- Unnecessary data
Spend time consolidating duplicate entries, contacting bounced contacts for updated, complete information, standardizing info such as addresses, grouping families, and removing unnecessary data. For example, while it may be interesting to know your donors’ favorite flavors of ice cream, this data point probably isn’t relevant to your fundraising activities and could make it more difficult to pinpoint more meaningful trends.
As a result of regularly maintaining clean data, you’ll be able to rely on the information in your database and make insightful decisions to guide your donor acquisition.
Segment your prospective donors.
Once your data is clean, you’ll want to filter your prospective donors into smaller segments to create specific donor profiles. For each segment, you can then create a unique acquisition strategy that meets their preferences and needs.
For example, your data might suggest creating specific strategies for each of the following donor profiles:
- Wealthy donors over fifty years old are most likely to give major gifts and often prefer in-person, personalized communications.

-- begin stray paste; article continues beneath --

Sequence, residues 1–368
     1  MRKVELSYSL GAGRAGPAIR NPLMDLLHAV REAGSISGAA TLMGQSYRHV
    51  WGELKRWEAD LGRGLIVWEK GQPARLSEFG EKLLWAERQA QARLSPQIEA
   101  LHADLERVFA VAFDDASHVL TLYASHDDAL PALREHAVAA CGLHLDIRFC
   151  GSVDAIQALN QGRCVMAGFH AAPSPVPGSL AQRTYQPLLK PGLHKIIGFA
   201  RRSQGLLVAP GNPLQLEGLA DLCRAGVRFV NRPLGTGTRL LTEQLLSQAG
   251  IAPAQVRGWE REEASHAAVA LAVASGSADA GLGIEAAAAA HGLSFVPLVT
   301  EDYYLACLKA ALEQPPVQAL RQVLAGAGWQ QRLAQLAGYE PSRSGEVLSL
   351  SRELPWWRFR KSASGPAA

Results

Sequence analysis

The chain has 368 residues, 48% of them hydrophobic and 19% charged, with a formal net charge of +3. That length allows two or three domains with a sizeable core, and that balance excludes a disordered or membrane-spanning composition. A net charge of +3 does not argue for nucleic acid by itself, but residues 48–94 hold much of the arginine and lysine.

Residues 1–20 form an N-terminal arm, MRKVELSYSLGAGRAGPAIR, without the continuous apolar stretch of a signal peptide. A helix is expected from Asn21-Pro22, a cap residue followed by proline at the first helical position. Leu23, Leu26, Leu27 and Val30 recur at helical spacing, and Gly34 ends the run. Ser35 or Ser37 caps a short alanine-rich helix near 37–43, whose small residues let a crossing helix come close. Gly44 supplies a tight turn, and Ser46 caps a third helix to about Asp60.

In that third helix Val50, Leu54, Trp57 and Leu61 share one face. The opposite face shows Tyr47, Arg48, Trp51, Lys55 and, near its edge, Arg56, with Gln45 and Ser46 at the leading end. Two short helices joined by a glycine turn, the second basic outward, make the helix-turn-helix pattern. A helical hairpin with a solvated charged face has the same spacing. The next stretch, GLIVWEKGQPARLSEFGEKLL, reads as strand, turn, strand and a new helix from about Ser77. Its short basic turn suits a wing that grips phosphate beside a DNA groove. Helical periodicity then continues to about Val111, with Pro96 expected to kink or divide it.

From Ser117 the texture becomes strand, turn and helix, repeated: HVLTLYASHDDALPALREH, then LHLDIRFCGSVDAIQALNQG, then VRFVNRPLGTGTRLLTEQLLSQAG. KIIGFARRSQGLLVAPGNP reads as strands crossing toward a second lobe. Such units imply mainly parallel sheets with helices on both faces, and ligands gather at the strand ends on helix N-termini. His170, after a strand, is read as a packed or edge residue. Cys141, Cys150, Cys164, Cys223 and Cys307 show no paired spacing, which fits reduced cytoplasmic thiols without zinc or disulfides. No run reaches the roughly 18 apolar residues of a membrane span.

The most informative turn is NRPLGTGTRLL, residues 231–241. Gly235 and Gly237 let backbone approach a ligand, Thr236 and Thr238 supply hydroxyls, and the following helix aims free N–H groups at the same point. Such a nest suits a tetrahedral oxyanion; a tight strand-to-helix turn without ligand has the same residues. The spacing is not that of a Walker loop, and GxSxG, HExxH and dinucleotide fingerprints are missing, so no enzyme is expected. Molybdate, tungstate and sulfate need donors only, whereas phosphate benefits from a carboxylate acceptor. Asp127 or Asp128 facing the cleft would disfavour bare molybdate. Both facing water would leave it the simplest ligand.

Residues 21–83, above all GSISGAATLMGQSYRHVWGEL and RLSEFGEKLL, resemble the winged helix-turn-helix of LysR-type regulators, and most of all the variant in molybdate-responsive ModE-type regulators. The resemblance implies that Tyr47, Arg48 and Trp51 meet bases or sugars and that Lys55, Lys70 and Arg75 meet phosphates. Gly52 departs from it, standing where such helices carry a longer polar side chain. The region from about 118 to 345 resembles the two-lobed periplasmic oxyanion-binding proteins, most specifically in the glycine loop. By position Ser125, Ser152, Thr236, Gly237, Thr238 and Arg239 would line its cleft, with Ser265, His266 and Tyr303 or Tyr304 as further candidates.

- Recurring donors with employers who match gifts may make higher contributions when you show them the impact of their donation and guide them through the matching gift request process.
- Local donors under thirty years old might be best persuaded by a call-to-action from a trustworthy nonprofit influencer, such as those listed in this resource from NXUnite.
Regardless of how you break down your donor segments, make sure that your outreach always uses a range of calls to action, organizational updates, and upcoming events and opportunities, that show that you value your donors beyond their donations.
Use integrated tools and services.
While it can be tempting to launch a DIY data marketing program, this approach can quickly get overwhelming and burdensome. Luckily, there are many tools and services designed to help nonprofits along the way.
A dedicated data marketing partner can help streamline processes and provide the framework and support necessary for your nonprofit’s fundraising success. For instance, a third-party data marketing partner can help you:
- Collect and organize your most impactful donor data.
- Find new target audiences based on your ideal donors.
- Develop a custom donor database to house, manage, and process data.
- Design and create impactful narratives tailored to your most likely donors.
- Understand and report on campaigns with predictive modeling and analytics.
When deciding on which tools and services to use, make sure they fit into your existing tech stack. With limited integration, even the most comprehensive tool will create more problems for your organization than it solves.
Finally, once you’ve set up your data-driven donor acquisition campaign, you should plan to continue to collect and analyze donor data. Tracking data will show you the strategies that are working and the ones that aren’t—especially as your donor pool (and their interests and needs) change over time. As a result, you can more accurately and efficiently identify the changes you need to make to improve your acquisition efforts.